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Flatbed? questions

Discussion in 'Chevy Trucks' started by red07gsxr, Oct 25, 2008.

  1. red07gsxr

    red07gsxr Senior Member
    from meriden
    Messages: 256

    i have a 90 chevy k2500 with a 8 ft bed. i was thinking about converting it to a flat bed. what companys out there are making good flat beds. how much and honeslty is it worth it for the truck that i have?
  2. cretebaby

    cretebaby PlowSite Veteran
    Messages: 4,162

    what are your reasons for wanting a flatbed
  3. sweetk30

    sweetk30 PlowSite.com Addict
    Messages: 1,588

    -88-up project i had with flatbed. pic or 2 for ya to get a idea.

    new mud truck 062.jpg

    new mud truck 063.jpg

    new mud truck 066.jpg
  4. TJS

    TJS PlowSite.com Addict
    Messages: 1,440

    I made mine. Steel is pretty high right now. I paid 1800.00 for steel alone when I did mine a few years ago. If you were to buy one like mine it would be at least 3500.00 plus.It is worth more than the truck right now.

    Here is my link:


  5. basher

    basher PlowSite Fanatic
    from 19707
    Messages: 8,993

  6. USMCMP5811

    USMCMP5811 Senior Member
    Messages: 267

    Do you have and/or any good with a welder? if so, might be worth your while to make one. IMHO
  7. derekbroerse

    derekbroerse 2000 Club Member
    Messages: 2,377

    Check the local junk yards. You'd be surprised what you may find, even if you've gotta pay to have it sandblasted and even some welding done... paint and install yourself and pocket the huge difference...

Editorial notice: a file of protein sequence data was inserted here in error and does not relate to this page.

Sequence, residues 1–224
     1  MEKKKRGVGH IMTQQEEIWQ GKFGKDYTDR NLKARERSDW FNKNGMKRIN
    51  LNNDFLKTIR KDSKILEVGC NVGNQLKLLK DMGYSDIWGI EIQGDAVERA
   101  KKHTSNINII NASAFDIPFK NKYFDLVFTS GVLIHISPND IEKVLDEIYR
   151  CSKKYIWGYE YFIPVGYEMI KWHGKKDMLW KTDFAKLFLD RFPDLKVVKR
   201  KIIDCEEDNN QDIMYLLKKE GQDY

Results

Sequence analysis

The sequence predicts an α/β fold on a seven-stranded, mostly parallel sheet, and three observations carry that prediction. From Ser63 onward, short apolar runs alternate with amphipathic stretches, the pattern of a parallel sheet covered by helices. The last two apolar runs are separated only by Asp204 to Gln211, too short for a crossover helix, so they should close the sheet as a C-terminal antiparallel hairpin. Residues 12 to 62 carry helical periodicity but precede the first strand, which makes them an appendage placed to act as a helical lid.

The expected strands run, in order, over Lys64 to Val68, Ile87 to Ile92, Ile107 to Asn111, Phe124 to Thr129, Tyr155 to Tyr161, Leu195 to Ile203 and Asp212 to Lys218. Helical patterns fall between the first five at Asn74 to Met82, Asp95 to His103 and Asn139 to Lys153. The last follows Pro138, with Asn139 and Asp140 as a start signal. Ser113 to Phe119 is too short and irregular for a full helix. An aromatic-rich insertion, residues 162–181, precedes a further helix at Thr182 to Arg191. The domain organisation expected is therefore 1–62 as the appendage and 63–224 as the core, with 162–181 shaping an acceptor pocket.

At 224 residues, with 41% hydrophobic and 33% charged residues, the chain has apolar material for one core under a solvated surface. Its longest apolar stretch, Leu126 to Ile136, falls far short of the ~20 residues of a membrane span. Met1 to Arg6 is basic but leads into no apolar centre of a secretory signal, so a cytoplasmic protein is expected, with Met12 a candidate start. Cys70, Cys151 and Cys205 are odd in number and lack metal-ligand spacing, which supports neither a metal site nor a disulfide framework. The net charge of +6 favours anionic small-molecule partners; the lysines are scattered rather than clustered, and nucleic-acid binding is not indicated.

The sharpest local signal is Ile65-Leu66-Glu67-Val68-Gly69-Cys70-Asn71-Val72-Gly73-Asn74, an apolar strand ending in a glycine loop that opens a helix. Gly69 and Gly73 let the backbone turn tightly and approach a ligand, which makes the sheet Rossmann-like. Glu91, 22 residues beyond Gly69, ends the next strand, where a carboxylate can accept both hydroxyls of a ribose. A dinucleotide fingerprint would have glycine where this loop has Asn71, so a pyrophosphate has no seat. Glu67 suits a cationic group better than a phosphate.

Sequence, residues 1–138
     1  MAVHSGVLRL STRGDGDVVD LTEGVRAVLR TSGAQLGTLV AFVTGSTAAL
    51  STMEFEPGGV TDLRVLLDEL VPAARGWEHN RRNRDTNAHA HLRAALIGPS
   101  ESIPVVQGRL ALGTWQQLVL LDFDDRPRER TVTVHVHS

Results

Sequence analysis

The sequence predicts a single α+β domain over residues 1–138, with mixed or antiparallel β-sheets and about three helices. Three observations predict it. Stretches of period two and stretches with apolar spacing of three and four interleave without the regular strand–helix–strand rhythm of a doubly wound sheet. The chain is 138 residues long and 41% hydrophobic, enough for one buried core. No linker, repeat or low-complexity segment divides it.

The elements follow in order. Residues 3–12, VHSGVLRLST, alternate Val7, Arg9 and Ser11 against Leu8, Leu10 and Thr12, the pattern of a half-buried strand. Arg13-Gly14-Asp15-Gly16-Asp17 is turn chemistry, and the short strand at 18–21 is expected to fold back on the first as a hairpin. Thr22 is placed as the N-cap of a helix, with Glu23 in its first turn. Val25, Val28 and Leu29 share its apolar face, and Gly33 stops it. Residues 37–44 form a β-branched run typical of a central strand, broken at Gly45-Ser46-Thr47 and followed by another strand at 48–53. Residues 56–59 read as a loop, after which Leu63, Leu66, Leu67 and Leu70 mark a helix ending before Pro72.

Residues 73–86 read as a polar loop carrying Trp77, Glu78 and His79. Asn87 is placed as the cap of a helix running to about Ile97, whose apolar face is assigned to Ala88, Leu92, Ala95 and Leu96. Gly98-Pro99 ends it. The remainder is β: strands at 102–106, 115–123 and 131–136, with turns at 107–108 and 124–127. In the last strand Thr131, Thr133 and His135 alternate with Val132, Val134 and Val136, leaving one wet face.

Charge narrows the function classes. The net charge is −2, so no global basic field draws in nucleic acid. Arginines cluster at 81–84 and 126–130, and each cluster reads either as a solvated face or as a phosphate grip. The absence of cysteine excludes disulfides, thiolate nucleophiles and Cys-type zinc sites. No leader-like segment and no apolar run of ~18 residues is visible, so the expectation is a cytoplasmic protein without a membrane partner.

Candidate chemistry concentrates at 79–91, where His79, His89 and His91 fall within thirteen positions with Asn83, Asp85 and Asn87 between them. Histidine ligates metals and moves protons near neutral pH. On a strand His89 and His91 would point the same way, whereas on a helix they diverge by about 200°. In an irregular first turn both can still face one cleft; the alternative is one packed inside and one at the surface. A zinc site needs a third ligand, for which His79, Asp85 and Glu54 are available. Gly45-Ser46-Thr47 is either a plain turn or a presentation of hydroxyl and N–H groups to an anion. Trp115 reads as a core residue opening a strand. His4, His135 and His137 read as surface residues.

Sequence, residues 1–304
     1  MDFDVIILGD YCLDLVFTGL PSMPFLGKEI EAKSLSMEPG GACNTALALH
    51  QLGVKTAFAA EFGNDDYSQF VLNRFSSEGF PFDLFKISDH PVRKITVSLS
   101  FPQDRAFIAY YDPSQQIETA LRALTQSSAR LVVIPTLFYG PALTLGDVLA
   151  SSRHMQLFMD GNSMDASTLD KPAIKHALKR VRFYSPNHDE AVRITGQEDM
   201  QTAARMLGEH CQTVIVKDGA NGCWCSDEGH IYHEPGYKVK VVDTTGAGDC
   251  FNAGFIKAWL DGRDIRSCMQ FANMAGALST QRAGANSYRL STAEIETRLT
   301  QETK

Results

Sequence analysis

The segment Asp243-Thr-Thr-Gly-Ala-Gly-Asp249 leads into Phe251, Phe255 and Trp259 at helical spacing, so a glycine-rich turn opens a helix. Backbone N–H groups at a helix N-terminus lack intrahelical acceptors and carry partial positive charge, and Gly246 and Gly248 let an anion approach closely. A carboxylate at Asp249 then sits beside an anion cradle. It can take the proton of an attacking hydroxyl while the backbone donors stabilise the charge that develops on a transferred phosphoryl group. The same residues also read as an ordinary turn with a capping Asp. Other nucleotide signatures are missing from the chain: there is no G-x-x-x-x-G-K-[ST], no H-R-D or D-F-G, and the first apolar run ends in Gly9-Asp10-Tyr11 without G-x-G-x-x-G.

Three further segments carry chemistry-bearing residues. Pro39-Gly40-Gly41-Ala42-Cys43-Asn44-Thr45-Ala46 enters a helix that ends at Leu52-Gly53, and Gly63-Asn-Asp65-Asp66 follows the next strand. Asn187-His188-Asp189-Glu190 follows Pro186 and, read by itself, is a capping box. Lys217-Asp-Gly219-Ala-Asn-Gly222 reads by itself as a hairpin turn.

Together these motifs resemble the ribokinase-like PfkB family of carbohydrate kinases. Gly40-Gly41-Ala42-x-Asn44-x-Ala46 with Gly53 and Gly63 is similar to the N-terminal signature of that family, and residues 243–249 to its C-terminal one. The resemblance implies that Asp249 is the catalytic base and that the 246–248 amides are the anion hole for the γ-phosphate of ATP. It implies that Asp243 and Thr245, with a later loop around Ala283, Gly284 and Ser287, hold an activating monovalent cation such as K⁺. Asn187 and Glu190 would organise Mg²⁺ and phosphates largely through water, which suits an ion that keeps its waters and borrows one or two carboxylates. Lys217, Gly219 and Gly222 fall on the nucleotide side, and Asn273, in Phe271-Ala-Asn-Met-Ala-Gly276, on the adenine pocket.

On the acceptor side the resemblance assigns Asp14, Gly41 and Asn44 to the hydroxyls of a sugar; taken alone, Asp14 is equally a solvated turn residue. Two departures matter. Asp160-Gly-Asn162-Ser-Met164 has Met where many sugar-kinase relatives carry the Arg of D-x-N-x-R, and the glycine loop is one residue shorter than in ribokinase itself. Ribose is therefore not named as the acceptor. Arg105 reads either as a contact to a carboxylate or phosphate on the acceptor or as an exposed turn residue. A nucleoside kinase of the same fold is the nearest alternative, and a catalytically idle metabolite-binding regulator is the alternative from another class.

8. basher

    basher PlowSite Fanatic
    from 19707
    Messages: 8,993

    The trouble with building a "homemade" flatbed for a pick up is the weight. Pick up bodies are much lighter then a wood and steel flatbed so maintaining any load capacity can be an issue.
  9. aeronutt

    aeronutt Senior Member
    Messages: 262

    I have a flatbed with wood floor and a dump hoist on the back of my std cab F-350 cab-n-chassis dually. I love it, but it is quite heavy. My truck's empty weight without the plow mounted is 8800 lbs! If it was on a 3/4 ton truck, I don't think I'd need ballast at all, but the dually really likes to have more weight back there. I use a couple of 2x4s to make short sideboards that are easy to see over and set a bunch of broken sidewalk pieces in the back for ballast. I've never had a problem with them sliding around, but if I was smart I'd put one more 2x4 back there just in front of the concrete to box it in.

    The extra visibility you gain by having a short sided flatbed is really nice if you operate in tight areas. Just because my flatbed is stupid-heavy doesn't mean they all are. You can build one that's crazy overkill or you can make one that's just strong enough. Most people badly overbuild because they don't want to take any chances. I don't think that's neccessary if you aren't using a dump hoist and plan on just basic hauling.

    If you hire a local welder to build one for you, you can discuss your needs with him to make sure you aren't building in more strength than you need. The place most people overdo the frame weight is running 5 inch channel iron directly above the truck frame where the truck is already providing plenty of strength. Use the truck frame's strength! 3 inch channel main rails with 2x3 angle cross pieces on 24 inch spacing and a 4 x 1/8 flatstock skirt would be more than enough strength for most anything you'd ever haul. You can save some more wieght by decking it with 3/4 inch green treated plywood rather than 2x6 boards.

    Don't do this if you are planning on selling the truck. You'll never get your money back.